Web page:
Sir Rick. If you’ve read anything I’ve written on the subject, it’s self-explanatory. If you haven’t, “Sir Rick” is Rick Wade, one of Detroit’s tireless bodymovers and a Deep House warrior with as many scalps on his belt as anyone. He’s making an appearance this Wednesday, September 12 at Scotty Brandon and Mike Serafini’s monthly Rhythmatic residency at SmartBar (facebook RSVP thingy here) and the choice of programming for the night is as always sublime.
“There’s a guy named Abdul Haqq who’s a talented painter here in Detroit. He used to be a part of Underground Resistance doing their labels and covers, and has also worked with Transmat, Planet E… He sort of became the go-to guy for Detroit techno labels that needed artwork. He’s always travelling to Japan where there’s been a really great reception for his work. He was sort of taken in by a crew called the StoryRiders, which consists of a screenwriter named Dai Sato and Shinichiro Watanabe, who’s directed Cowboy Bebop and a number of other great anime.
“They released a book showcasing Haqq’s artwork entitled Requiem for a Machine Soul… One of the images was actually a painting of me, or like a futuristic painting of me. In the clubs I’m usually wearing sunglasses. Haqq drew them as almost cybernetic sunglasses – a real Ghost In The Shell sort of look. Based on that painting, Watanabe San wrote a short story with that character as the central piece tying all the artwork of Haqq’s book together.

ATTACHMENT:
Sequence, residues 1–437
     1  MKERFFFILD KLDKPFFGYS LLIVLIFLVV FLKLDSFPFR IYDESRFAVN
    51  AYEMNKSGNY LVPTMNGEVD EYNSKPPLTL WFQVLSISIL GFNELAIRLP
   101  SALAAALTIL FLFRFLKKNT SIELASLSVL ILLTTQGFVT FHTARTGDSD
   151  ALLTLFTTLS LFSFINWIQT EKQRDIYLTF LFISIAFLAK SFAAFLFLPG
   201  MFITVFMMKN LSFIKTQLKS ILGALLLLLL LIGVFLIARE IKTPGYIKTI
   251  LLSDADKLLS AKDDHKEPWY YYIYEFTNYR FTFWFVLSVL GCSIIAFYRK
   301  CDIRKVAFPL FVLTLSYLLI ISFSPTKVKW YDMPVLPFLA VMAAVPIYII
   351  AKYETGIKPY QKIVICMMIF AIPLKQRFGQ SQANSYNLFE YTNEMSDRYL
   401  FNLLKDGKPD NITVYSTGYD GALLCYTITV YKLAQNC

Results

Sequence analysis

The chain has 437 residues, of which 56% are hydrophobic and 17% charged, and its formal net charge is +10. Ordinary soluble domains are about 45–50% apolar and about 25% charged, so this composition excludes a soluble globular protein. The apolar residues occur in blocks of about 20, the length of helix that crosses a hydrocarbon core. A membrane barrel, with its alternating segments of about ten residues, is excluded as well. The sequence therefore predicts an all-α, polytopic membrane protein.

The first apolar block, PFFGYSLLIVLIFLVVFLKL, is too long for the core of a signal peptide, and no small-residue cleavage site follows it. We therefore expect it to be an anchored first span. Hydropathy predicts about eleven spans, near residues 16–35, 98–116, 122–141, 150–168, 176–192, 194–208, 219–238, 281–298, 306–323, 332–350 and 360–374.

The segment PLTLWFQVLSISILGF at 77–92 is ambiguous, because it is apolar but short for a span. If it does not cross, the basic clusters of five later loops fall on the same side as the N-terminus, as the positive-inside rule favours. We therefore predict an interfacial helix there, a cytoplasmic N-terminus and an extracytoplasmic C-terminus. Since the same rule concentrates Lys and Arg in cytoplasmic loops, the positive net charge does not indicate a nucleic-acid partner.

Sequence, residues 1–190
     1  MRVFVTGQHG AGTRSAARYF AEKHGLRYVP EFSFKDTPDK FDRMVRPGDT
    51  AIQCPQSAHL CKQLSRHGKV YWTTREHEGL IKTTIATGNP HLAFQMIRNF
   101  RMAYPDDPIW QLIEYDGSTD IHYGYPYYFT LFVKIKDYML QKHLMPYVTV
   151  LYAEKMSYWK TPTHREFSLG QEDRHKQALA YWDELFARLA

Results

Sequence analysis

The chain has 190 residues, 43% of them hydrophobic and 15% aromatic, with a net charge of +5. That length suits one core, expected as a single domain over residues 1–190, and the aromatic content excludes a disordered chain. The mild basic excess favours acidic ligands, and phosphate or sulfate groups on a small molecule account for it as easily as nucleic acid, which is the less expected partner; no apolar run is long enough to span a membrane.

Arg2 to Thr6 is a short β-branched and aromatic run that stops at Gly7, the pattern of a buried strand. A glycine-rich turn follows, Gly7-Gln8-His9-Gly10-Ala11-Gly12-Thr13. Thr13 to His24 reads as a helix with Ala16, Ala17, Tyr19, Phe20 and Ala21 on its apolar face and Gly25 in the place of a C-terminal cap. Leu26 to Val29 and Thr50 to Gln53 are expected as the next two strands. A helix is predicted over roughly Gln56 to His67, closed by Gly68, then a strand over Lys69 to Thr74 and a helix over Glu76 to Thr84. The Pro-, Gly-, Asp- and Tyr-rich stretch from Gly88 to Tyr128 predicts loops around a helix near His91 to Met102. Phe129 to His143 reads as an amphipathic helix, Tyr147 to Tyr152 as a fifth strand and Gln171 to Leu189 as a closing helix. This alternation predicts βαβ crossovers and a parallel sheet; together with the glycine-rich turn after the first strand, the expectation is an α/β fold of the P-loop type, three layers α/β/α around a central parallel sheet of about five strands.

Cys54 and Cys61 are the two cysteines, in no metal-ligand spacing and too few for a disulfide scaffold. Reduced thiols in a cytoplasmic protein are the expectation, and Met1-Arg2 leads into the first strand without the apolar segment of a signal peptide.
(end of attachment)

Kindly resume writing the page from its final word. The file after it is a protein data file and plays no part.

“Anyway, based on that story, I wrote a couple of tracks and then I was inspired to put together an entire album. I sent the mp3s over to them as kind of an advanced preview. They came up with another story based on those tracks with me as the central character. Haqq read the story and that story in turn inspired him to write more and turn it into a graphic novel. That’s how it all came about.”
Now you know the backstory of what became Rick’s last album, Neverending Reflections.